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Science-Policy-Society Interactions

How do we build capacity effectively? What is the best way to train government officials in the use of dES tools? How should we communicate findings from complex models? How can we use stakeholder knowledge?

Photo: Fatos Bytyqi on Unsplash

The need for evidence-based policy-making is of the utmost importance. An optimal science-policy interface is needed in order to understand/negotiate with the varying values of stakeholders and foster effective communication and co-production of knowledge between science and policy actors. Complex phenomena related to sustainability and sustainable development cannot be tackled in silos. Here, we explore several methods and tools which trigger an effective science-policy interface.

Key research questions

  • How do we develop effective science-policy interface frameworks in different sectors/settings such as industries, transport, and residential buildings?
  • What are the roles and responsibilities of different actors in addressing societal challenges (Co-producing the science–policy interface: towards common but differentiated responsibilities)?
  • How do we transfer knowledge (also, co-production of information) among varying actors, e.g. local governments?
  • How do we build capacity effectively?
  • What is the best way to train government officials in the use of dES tools?
  • How should we communicate findings from complex models?
  • How can we use stakeholder knowledge?
  • How to correctly communicate scientific findings with key stakeholders?
  • How to develop methods that incorporate the views and experience of decision-makers (knowledge users)?
  • How to best help policy makers in using modelling tools to analyze future pathways towards sustainable development?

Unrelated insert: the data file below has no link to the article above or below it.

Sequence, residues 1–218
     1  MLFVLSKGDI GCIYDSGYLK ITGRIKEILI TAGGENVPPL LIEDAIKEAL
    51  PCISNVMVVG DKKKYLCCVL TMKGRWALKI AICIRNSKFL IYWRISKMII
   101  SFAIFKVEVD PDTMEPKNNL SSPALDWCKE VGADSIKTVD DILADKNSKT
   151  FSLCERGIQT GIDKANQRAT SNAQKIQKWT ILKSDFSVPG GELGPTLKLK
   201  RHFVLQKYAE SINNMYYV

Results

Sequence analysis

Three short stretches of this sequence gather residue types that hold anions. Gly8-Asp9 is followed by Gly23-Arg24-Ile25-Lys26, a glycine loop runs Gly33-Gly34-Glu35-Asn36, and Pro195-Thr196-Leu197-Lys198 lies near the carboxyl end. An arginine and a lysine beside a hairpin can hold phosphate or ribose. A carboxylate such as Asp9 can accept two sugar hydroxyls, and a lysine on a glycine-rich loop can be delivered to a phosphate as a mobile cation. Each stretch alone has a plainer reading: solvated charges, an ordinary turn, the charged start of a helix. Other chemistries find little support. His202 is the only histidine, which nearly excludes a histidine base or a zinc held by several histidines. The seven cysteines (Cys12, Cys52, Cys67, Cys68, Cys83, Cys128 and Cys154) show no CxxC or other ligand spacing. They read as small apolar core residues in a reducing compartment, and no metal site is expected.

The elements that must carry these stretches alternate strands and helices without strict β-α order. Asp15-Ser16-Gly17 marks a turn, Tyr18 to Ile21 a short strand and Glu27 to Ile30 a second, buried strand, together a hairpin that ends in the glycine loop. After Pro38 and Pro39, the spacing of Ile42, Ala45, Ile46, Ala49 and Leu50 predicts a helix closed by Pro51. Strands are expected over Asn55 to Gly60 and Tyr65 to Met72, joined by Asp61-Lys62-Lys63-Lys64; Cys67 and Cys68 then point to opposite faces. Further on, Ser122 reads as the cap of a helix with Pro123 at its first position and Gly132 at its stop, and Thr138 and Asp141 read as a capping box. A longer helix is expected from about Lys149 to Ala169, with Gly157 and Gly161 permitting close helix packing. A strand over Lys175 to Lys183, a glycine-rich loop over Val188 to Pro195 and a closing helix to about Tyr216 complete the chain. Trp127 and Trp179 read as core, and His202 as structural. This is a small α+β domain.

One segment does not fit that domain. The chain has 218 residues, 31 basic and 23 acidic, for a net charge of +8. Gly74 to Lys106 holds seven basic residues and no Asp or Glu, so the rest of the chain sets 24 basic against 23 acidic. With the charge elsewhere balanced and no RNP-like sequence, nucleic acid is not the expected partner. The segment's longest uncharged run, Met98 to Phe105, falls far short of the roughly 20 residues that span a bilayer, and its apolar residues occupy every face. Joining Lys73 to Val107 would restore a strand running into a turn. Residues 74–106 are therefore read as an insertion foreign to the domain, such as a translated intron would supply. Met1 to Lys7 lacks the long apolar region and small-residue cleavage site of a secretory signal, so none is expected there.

• How do we reduce fragmentation of the European research space? [ECEMF]

Main research objectives

  • Understanding how open science contributes to evidence-based policy making (CCG)
  • Identifying and co-developing the most pressing policy-relevant research questions with a range of stakeholders.
  • Producing a comprehensive, relevant and coherent evidence base for energy and climate policy impact assessment.
  • Providing robust policy insights.

Methods used

  • Stakeholders’ elicitation
  • Interviews with stakeholders
  • Robust Decision Making
  • Research policy workshops [ECEMF]
  • Visualization of results, discussion forums [ECEMF]
  • Impact assessment (surveys)
  • Iterative and participatory method


Climate, Land and Energy Analytical study of Potential Nexus Issues in Jordan and Morocco

With the goal of contributing to carrying out the “Implementing the 2030 Agenda for water efficiency/productivity and water sustainability in NENA countries” project, funded by the UN Food and Agricultural Organization, KTH is providing analyses and support on decision making across the climate, land energy and water spheres in Morocco and Jordan

European Climate and Energy Modelling Forum

The aim of the European Climate and Energy Modelling Forum (ECEMF) is to provide knowledge to inform the development of future energy and climate policies at national and European levels.

OPM Ethiopia project “Energy system development pathways in Ethiopia”

The project “Energy system development pathways for Ethiopia” is being led by the University College of London (UCL) along with the Royal Institute of Technology (KTH), the Ethiopian Development Research Institute (EDRI) and Addis Ababa Institute of Technology (AAIT). The project is part of the Applied Research Programme on Energy for Economic Growth (EEG), led by Oxford Policy Management.


The project aims at developing innovative methodologies to facilitate the design of policies and bridge knowledge and technology gaps in the field of the water-land-food-energy-climate Nexus under climate change conditions. SIM4NEXUS will develop a methodology of integration using a complexity science approach and a Serious Game, as an integrating tool for testing and evaluating policy decisions. The Serious Game will be operable at different scales ranging from regional to national, to continental, to global, as well as at different time horizons—short, medium and long-term.

Supporting the Design of Sustainable Development Policies with Policy Modelling Tools